A True Picture of Heizo Takenaka
Minoru Sasaki, journalist
Heizo Takenaka as Seeker of Regulatory Reform in the Field of Labor
NIPPON: In your book Shijo to kenryoku [Markets and Power] (Kodansha), you focus on depicting the real Heizo Takenaka. The book is full of suggestions for people who wonder just how it was that neoliberalism came to be introduced to Japan.
SASAKI: Takenaka said at the first meeting of the Industrial Competitiveness Council (ICC) on January 23, 2013, that “there is no magic wand for growth strategy; regulatory reform that gives corporations freedom and makes them more muscular is the first element of growth strategy.” The following day, Prime Minister Shinzo Abe proclaimed the necessity of regulatory reform using a manner of speaking that followed Takenaka’s statement almost to the letter. It was a scene that was symbolic of the closeness between Prime Minister Abe and Takenaka.
Takenaka had played a major role during the years of the Koizumi administrations. He was subsequently the subject of various criticisms, and during the years of the Democratic Party of Japan administration it seemed for a moment that he might have become a has-been. However, he survived, was picked up by Prime Minister Abe, and is now the leading neoliberal ideologist.
NIPPON: Regulatory reforms in the field of labor, such as easing regulations on dismissal, are being debated in the ICC and the Council for Regulatory Reform (CRF). Isn’t there an element of blatant pork-barrel politics to this?
The Koizumi administration took decisive action on regulatory reform in the labor field and brought about an expansion of the market for staffing businesses. After the curtains came down on that administration, Takenaka was brought in by the founder of the temporary staffing service Pasona Group, Yasuyuki Nanbu, to be a special advisor to the group. In 2009 Takenaka was made Pasona’s chairman.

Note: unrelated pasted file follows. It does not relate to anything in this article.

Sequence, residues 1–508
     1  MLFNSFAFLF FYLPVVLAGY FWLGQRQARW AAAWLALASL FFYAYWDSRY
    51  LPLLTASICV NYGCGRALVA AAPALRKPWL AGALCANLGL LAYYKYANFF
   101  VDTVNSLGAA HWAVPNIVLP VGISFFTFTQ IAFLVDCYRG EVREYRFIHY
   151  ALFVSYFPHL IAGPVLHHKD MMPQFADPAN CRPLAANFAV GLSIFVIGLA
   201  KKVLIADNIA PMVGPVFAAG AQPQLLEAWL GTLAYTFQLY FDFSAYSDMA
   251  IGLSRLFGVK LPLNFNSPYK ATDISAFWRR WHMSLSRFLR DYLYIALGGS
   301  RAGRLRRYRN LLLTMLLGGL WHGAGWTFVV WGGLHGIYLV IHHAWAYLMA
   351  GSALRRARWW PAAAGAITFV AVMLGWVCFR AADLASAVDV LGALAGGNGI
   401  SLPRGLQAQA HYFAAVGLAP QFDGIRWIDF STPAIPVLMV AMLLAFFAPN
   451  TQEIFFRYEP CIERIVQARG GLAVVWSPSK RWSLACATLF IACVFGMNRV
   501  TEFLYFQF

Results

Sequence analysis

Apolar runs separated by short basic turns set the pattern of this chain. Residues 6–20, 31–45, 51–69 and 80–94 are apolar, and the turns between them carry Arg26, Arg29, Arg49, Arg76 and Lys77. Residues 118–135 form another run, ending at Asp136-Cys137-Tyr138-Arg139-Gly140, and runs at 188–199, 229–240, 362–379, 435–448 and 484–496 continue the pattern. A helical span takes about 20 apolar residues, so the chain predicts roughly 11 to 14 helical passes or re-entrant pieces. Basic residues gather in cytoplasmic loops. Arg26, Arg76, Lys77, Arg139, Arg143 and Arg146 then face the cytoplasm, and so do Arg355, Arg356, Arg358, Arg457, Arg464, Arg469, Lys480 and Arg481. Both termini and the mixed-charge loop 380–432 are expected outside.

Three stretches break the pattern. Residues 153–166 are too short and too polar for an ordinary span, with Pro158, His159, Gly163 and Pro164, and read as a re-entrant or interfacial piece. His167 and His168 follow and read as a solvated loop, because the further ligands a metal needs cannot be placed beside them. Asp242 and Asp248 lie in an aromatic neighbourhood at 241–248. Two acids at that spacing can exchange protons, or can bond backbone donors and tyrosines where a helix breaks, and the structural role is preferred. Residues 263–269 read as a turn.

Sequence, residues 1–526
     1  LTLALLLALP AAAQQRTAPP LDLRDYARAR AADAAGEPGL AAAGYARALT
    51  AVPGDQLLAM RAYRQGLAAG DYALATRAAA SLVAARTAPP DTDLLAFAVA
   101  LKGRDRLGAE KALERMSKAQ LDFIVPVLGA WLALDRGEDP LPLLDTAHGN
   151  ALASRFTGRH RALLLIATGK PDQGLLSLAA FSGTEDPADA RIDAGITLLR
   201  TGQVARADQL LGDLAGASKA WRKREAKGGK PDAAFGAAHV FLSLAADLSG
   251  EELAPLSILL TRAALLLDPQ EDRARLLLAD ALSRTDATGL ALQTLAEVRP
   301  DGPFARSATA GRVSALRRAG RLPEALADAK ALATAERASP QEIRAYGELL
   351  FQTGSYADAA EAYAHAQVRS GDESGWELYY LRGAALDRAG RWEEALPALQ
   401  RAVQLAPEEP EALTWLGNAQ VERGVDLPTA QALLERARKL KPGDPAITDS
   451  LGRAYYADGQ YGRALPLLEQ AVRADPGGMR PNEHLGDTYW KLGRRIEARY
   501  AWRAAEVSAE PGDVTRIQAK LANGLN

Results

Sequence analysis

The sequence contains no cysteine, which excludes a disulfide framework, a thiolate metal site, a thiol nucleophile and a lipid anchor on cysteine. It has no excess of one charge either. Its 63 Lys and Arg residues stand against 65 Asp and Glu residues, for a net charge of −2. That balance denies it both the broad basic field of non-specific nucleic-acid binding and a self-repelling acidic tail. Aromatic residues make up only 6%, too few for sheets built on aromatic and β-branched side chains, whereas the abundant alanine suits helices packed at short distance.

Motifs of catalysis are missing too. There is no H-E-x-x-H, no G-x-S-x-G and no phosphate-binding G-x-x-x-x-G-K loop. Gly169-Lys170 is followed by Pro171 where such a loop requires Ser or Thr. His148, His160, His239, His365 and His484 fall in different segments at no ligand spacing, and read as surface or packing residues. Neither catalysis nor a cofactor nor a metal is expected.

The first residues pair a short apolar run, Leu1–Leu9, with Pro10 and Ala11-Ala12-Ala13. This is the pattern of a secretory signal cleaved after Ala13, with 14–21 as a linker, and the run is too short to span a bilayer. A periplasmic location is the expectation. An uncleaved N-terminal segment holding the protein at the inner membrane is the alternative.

SASAKI: There is no mistaking the fact that Takenaka brought along his interests in regulatory reform for the field of labor. In a conversation with Rakuten Chairman and CEO Hiroshi Mikitani (Bungei Shunju, April 2013), Takenaka said the following: “The fact is that healthy competition does not exist even in the labor market. Owing to a singular judgment that the Tokyo High Court handed down in 1979, Japan’s regular company employees are the most protected in the world.”
NIPPON: Isn’t it odd in itself that the chairman of the Pasona Group is arguing about regulatory reform in the labor field?
SASAKI: It is quite odd. However, the mass media only gives Takenaka’s title as that of “Keio University professor” and fails to take up the conflict-of-interest issue. They should also include his title of “Pasona Group chairman” from the outset. Before discussing the pros and cons of a particular argument, the ICC and the CRF should make an issue of the fact that their members are too heavily weighted in the direction of businesspeople and economists.
NIPPON: It would appear that a section of the elite passes around jobs in the government, major corporations, and academia in the name of an interchange of personnel between the public and private sectors—a phenomenon known as the “revolving door” in the United States—and runs the nation for the benefit of certain powers.
SASAKI: There was an Academy Award–winning documentary film called Inside Job (2010; Charles Ferguson, director) that attracted much attention. It depicted the collusive relationship between economists and the financial world in the United States. Japan appears to be attempting to emulate, in an even more distorted form, this “revolving door,” which one might even call a pathology in American society.